Auld lang syne
The new year makes for the perfect time to consider yourself. Where you’ve been, what you want to accomplish. A lot of us make resolutions around this time. And a lot of us will note that most resolutions don’t last.
“New year, new you,” the slogans go.
But we aren’t new, are we? The past comes with us whether we want it to or not. And that’s all right. We don’t all have to be new. We don’t have to reinvent ourselves. As this next year passes, we’ll change, because it’s inevitable. We always will.
But we shouldn’t change for change’s sake. Novelty is attractive, but it’s only a sheen. When it’s gone, we’re left with what it glossed over. That can be a good thing—a comfy chair we’ve made a groove in—or, well. It can not.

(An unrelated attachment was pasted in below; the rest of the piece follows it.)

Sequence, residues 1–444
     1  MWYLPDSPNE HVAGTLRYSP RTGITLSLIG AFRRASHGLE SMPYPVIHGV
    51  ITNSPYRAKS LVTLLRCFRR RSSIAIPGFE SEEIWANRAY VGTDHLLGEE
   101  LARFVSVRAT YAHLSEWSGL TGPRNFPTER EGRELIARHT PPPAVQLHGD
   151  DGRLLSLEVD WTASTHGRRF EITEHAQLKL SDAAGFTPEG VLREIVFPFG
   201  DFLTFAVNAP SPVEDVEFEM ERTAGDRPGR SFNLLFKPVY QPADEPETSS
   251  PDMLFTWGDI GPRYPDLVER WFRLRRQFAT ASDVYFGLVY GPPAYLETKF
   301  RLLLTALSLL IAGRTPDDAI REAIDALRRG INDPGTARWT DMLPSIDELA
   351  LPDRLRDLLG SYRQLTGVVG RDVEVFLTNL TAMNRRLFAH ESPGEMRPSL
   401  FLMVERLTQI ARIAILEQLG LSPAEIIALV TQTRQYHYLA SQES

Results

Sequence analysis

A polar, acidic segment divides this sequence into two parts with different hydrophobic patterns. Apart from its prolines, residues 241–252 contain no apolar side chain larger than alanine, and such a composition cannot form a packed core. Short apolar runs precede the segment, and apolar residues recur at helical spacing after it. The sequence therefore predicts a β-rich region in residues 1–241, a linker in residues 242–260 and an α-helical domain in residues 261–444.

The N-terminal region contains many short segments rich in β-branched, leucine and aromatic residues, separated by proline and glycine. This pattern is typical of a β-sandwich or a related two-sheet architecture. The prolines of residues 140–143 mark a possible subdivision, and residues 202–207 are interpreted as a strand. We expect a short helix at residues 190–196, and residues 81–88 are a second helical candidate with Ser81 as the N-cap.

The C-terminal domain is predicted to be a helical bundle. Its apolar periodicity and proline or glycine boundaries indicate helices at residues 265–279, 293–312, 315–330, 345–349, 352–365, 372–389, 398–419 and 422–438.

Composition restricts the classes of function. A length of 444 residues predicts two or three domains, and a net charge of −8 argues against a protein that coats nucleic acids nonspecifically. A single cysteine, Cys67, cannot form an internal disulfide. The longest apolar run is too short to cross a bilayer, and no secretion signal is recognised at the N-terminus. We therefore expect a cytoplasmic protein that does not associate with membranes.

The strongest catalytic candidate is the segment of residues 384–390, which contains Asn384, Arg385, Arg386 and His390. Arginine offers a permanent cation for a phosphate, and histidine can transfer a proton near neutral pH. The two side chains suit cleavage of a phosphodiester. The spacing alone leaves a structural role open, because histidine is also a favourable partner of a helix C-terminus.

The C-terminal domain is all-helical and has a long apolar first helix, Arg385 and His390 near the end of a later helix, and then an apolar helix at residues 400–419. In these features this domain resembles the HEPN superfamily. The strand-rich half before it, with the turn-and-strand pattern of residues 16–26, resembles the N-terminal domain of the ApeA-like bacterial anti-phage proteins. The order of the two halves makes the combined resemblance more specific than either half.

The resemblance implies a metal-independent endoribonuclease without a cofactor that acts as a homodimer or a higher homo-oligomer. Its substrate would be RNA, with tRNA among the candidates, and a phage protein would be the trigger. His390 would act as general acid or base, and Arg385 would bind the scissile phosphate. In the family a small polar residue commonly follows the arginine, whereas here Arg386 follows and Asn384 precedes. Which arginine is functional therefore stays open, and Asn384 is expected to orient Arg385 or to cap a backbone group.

As always, this advice is worth what you pay for it. But it’s something I’m going to try, too. There’s things I’d like to change. Parts of my routine, things that I don’t particularly enjoy, new habits I want to build. But I want to change how I look at change.
The years come and go. But I’m always still here. So instead of focusing on change, I’m going to think about how I’d like to grow. Because growth is change. There’s no revolution here. There’s no real insight, either. More like a touch of cognitive-behavioral therapy. (I did study a lot of semiotics in college, after all.) But it’s a new way of considering things, for me.
And besides. New is always better, isn’t it?